The Supreme Court has agreed to hear an appeal by the abortion industry over the regulation of abortion clinics. One really has to wonder what the overarching Constitutional issue is that allows a state’s clear cut authority to regulate medical practice within the state to be challenged in federal court, but such is the state of federalism. The case will settle a conflict between rulings that overturned a clinic regulation law in Mississippi and upheld the same regulations in Texas.
The Supreme Court on Friday decided to hear its first major abortion controversy in nearly a decade, agreeing to determine how far states may go in regulating the procedure without violating a woman’s constitutional rights.
The court was asked to considerlaws from Texas and Mississippi. Abortion providers say full implementation of the Texas law would reduce from 42 to 10 the number of clinics in the nation’s second-largest state. Mississippi’s only clinic would close if that state’s law were allowed to proceed, they say.
The outcome will turn on an interpretation of the court’s ruling nearly 25 years ago in Planned Parenthood v. Casey. It said states had a legitimate interest in regulating abortion procedures but could not impose an “undue burden” on a woman’s right to terminate a pregnancy before fetal viability.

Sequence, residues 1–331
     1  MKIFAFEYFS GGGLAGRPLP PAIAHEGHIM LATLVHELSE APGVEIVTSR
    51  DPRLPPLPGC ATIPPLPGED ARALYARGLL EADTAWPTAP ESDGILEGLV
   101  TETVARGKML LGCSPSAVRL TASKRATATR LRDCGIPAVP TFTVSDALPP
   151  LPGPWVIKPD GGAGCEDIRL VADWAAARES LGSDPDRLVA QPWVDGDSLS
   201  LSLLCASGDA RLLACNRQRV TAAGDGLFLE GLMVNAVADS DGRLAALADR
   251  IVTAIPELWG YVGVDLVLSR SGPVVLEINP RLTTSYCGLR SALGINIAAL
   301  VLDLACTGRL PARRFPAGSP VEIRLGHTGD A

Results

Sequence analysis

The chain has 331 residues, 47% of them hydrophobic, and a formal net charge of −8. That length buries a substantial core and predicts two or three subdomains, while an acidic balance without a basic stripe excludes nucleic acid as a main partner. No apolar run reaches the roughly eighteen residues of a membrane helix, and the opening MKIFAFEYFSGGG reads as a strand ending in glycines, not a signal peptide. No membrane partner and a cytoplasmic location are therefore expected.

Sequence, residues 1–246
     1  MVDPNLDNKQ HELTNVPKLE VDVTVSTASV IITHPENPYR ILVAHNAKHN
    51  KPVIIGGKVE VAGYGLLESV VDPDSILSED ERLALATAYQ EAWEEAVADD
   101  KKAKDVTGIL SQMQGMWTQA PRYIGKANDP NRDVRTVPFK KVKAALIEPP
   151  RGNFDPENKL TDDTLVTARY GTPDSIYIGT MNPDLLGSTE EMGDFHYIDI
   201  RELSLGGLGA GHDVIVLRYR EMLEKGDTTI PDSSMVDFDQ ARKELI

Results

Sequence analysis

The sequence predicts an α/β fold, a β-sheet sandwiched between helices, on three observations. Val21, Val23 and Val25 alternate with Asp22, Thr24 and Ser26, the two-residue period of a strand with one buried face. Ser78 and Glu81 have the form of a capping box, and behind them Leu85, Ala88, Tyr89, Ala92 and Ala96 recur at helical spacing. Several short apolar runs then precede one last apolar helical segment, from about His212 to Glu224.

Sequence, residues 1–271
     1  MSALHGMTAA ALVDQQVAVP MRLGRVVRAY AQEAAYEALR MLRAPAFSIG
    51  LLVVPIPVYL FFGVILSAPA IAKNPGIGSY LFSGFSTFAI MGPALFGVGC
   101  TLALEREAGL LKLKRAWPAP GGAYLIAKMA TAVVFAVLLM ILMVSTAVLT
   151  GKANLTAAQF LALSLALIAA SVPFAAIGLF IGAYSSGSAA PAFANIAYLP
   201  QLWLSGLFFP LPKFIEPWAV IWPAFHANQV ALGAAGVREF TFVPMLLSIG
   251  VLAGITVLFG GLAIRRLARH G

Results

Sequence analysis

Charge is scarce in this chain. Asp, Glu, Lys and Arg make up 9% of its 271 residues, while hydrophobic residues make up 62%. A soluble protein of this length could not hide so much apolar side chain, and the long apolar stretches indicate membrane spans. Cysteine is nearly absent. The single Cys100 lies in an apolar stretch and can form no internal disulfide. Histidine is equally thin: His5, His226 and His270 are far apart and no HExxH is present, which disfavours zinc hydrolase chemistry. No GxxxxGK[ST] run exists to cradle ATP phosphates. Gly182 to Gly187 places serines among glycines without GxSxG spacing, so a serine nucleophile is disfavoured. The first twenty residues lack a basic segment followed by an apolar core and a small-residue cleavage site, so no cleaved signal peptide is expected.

Included in the description of such a burden was “unnecessary health regulations that have the purpose or effect of presenting a substantial obstacle to a woman seeking an abortion.”
The battle lines are pretty well drawn. Four justices are completely fine with infanticide. Four are humans. Anthony Kennedy is the wild card. As usual.
He, along with now-retired Justices Sandra Day O’Connor and David H. Souter, wrote the opinion in Casey. At the time, the compromise was seen as a great victory for abortion-rights advocates because it rejected a bid by conservatives to overturn 1973’s Roe v. Wade, which recognized a woman’s right to abortion.
But Casey also acknowledged a state’s interest in protecting unborn life and regulating abortion.
Kennedy has said he is personally opposed to abortion, and in 2007 he sided with conservative justices to uphold the federal Partial-Birth Abortion Ban Act. He wrote the opinion in that case, Gonzales v. Carhart, and it is the language in that decision that has given rise to some of the new state restrictions.
The Supreme Court already has shown its divisions in earlier litigation about the Texas law. In 2014, the court refused to step in after a preliminary decision allowed the law to go into effect. The liberal justices — Ruth Bader Ginsburg, Stephen G. Breyer, Sonia Sotomayor and Elena Kagan — objected.
But in June, the court did issue a stay of a final decision by the 5th Circuit, which would have meant that the 19 clinics still operating in Texas would have been reduced to 10. This time it was the court’s consistent conservatives — Chief Justice John G. Roberts Jr. and Justices Antonin Scalia, Clarence Thomas and Samuel A. Alito — who were outvoted.
In both decisions, Kennedy’s was the prevailing vote.
So, I wouldn’t be hopeful that Kennedy’s deeply held personal beliefs, to the extent that he has any, can survive his irresistible impulse to curry favor and be popular.